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It’s evident that social media is a hugely successful endeavor for many brands and companies, while others may as well not have entered the SM sphere. After seeing the disparity in results first-hand, I started thinking about what makes the difference, aside from the obvious differences in levels of engagement, nature of content, audience and relationship building measures. That led me to start thinking about how bakeries use social media (shocking, I know.) There I found the big difference – sampling.
When you have the opportunity to bait consumers to take their SM love for your company or brand and establish a real life relationship, you are golden. It seems elementary, but sampling is a great way to distinguish oneself from the competition and generate monetized ROI on your SM investment.
As someone who follows a number of bakeries on Twitter and is obsessed with cupcakes, I have found myself Googling bakery names to see if there were nearby locations when I have seen a good promotional offer in the bakery’s Twitter stream. Plus, their consistent updates throughout the day keep them top of mind. There have been days when I have left the office still thinking about the daily special that was tweeted hours before and wishing the bakery were nearby.
While this methodology makes great sense for culinary brands, and the Twitter account of Sprinkles demonstrates how it can be effectively executed, there are other types of businesses that could benefit from this approach to SM.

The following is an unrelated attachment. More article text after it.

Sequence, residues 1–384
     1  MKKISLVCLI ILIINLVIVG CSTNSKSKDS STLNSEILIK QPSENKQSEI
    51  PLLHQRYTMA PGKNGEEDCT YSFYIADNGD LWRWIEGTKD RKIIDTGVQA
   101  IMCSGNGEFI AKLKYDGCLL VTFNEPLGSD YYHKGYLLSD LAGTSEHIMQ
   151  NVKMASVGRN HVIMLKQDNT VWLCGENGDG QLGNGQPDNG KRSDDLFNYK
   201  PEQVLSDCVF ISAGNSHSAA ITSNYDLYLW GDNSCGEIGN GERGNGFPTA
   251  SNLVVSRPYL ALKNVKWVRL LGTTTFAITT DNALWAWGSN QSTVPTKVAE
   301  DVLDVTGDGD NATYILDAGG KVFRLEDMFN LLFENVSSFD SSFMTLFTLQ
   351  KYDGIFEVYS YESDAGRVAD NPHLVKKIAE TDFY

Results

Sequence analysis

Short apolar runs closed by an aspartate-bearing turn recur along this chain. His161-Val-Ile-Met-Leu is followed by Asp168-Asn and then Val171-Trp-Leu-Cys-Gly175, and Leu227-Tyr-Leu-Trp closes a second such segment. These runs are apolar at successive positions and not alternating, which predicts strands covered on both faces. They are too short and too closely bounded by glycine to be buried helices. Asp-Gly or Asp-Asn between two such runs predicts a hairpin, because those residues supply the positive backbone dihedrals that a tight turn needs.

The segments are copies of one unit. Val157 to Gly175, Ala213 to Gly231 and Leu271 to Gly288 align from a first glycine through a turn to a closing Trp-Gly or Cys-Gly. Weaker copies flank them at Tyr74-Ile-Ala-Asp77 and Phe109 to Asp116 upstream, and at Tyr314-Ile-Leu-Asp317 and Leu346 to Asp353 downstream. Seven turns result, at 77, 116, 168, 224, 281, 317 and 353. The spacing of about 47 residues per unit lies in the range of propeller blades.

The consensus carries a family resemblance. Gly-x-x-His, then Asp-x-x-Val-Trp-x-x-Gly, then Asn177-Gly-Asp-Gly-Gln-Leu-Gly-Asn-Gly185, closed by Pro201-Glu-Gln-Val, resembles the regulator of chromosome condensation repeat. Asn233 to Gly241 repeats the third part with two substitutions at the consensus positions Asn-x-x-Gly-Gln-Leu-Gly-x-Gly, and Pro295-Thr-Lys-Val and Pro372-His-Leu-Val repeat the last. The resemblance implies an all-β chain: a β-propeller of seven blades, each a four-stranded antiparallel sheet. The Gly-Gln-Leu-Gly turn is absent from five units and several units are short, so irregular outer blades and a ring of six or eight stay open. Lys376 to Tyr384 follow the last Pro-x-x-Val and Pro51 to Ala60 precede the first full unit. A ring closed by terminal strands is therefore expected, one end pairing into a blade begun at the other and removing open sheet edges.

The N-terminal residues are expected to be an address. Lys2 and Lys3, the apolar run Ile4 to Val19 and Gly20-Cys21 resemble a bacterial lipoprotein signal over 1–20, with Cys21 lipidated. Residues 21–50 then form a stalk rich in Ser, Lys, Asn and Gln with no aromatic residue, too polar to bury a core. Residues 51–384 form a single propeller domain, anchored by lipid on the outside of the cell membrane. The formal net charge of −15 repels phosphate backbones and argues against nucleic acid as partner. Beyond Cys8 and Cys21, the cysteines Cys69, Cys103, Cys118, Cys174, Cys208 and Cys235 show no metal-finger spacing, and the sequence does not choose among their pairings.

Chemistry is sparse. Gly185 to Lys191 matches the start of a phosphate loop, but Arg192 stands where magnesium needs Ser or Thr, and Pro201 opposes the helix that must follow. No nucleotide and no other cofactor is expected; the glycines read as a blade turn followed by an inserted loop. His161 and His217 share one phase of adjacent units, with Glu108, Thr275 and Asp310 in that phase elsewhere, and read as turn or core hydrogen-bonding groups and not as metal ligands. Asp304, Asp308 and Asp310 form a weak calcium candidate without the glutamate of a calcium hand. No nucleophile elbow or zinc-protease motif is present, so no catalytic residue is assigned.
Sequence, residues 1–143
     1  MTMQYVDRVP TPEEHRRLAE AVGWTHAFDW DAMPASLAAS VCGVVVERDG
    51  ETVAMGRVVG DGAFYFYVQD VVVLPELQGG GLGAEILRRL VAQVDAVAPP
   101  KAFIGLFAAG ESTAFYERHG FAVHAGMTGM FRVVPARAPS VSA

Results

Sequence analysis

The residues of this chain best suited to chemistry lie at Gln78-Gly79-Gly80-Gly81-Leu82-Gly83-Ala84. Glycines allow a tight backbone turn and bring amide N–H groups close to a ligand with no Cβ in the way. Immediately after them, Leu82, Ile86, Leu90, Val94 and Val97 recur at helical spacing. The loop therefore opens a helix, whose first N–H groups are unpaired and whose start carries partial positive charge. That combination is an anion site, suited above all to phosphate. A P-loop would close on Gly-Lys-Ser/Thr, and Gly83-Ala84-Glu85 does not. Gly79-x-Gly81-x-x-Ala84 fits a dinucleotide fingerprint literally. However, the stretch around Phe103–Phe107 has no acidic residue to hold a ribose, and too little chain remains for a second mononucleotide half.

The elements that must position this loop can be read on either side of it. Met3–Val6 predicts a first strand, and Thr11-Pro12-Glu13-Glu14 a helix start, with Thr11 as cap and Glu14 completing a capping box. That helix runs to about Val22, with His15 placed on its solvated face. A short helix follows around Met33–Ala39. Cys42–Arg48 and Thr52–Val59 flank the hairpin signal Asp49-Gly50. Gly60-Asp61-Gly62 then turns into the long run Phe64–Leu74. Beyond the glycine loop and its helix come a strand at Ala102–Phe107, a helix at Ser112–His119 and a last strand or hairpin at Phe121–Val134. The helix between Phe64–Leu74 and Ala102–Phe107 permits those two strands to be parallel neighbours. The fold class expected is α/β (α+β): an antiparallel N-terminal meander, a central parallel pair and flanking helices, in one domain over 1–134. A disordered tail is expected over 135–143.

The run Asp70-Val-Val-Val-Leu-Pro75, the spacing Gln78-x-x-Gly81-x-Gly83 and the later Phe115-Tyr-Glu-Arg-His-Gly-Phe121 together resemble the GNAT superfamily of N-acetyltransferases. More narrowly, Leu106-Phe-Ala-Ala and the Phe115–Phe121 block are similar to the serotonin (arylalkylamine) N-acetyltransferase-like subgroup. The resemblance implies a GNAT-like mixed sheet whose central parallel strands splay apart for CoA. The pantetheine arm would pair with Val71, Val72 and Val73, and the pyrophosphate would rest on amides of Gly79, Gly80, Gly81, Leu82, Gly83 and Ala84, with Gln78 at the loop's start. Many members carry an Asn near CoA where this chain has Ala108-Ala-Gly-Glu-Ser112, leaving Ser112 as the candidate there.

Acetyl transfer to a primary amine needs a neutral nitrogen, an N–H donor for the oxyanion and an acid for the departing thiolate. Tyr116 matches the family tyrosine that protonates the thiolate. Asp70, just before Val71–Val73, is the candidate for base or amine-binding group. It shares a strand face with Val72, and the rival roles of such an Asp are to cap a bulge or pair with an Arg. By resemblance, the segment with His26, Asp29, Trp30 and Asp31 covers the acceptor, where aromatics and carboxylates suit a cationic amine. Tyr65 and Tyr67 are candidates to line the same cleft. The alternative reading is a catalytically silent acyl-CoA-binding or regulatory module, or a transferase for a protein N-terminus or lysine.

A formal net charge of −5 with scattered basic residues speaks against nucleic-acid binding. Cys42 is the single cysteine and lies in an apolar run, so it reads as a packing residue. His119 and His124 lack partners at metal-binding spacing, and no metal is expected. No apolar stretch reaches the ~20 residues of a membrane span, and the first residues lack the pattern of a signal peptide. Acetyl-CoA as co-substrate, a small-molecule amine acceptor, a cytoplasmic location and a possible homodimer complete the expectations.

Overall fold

Let’s take a carwash for an example. If you live equidistant from two car washes of comparable quality and price, it would seem there is no significant advantage to supporting Carwash A or Carwash B. But if one or both of the carwashes is on Twitter or Facebook, there may be a way to sway your support. If Carwash A tweets that they are offering a free car vacuuming to customers who mention a discount code only given to their Twitter followers, they can (1) differentiate themselves from their competition, (2) attract customers who may have typically supported Customer B and (3) establish a real-life connection with their social media audience.
Although gratis and discounts are always great, even brands that aren’t willing to take this approach can still employ the sampling model. Perhaps your SM audience would enjoy a tour of your facility or benefit from a level of expertise that can only be offered in-person. The key is to give your audience an incentive to take their support for your brand from online to offline.
There are countless versions of nearly every business model on Facebook and Twitter. To that end, there is a wide range of companies within the same industry experiencing varied levels of SM success, and for many brands, the level of success correlates to the effectiveness of their sampling model.
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